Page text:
The broad spectrum of aspirin-sensitive erythromelalgia, its microvascular ischemic complications, migraine-like atypical or typical transient ischemic attacks (cerebral and ocular) as well as acute coronary syndromes in thrombocythemia vera (essential thrombocythemia and thrombocythemia associated with polycythemia vera in maintained remission by phlebotomy) is caused by platelet cyclo-oxygenase-mediated arteriolar inflammation, fibromuscular intimal proliferation without and with occlusive thrombosis by platelet-rich thrombi in the end-arterial microvasculature of the peripheral, cerebral, ocular and coronary circulation. These microvascular ischemic and thrombotic complications does not respond to Coumadin, but are immediately relieved by a loading dose of 500 mg aspirin, and does not recur when the patient is maintained on low dose aspirin (50 mg per day) or after reduction of platelet counts to normal (<400.000/μl).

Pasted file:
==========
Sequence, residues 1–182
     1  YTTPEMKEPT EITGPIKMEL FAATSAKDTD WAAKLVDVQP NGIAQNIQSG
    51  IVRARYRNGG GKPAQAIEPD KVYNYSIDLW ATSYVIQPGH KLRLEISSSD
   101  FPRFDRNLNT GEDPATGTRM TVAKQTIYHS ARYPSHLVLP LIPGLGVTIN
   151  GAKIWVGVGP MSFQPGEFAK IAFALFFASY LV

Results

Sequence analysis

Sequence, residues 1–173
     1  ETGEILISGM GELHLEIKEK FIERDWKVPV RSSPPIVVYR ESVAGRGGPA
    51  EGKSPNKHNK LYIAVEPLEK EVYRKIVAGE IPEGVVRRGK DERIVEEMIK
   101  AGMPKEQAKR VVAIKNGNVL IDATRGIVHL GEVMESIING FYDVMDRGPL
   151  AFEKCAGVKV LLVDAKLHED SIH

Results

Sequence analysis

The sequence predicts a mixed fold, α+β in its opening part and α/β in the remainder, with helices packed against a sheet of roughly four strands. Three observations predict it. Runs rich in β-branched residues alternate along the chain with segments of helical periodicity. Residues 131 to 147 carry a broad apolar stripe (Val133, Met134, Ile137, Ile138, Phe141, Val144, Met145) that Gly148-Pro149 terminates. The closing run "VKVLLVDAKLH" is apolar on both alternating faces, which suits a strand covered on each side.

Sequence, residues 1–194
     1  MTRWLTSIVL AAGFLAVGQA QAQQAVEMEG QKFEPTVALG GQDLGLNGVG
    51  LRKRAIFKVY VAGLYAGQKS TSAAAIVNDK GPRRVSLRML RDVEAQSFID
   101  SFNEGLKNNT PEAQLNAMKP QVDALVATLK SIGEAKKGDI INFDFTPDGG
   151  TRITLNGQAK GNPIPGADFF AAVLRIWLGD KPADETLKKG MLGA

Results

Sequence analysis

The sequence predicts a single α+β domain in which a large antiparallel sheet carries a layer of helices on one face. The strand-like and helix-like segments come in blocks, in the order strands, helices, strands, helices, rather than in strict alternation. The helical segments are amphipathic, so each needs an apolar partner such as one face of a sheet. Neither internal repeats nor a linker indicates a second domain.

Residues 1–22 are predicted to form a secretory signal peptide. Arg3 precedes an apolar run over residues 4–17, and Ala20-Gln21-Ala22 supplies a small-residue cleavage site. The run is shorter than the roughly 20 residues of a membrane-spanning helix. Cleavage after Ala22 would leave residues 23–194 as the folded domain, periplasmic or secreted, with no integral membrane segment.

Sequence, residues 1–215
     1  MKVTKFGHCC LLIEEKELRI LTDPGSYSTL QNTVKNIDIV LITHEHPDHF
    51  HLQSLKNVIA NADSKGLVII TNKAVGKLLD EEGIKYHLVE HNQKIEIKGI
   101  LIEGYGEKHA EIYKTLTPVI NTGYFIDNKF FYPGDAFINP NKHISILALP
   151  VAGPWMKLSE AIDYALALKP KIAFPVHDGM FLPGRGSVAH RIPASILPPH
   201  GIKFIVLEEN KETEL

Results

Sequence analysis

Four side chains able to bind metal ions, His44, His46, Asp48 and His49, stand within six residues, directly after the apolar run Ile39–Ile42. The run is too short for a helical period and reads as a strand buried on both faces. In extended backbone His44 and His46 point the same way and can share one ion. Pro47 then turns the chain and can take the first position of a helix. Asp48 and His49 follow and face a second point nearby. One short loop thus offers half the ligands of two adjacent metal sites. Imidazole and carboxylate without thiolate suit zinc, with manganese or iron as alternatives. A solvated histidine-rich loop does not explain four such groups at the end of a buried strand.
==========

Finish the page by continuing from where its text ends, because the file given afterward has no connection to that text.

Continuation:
Aspirin, Coronary artery disease, Coumadin, Erythromelalgia, Essential thrombocythemia, Polycythemia vera, Transient ischemic attacks,
Blood Cells, Molecules and Diseases
Department of Clinical Chemistry

Michiels, J.J, Berneman, Z, Schroyens, W, Koudstaal, P.J, Lindemans, J, & van Vliet, H.H.D.M. (2006). Platelet-mediated thrombotic complications in patients with ET: Reversal by aspirin, platelet reduction, and not by coumadin. Blood Cells, Molecules and Diseases, 36(2), 199–205. doi:10.1016/j.bcmd.2005.12.021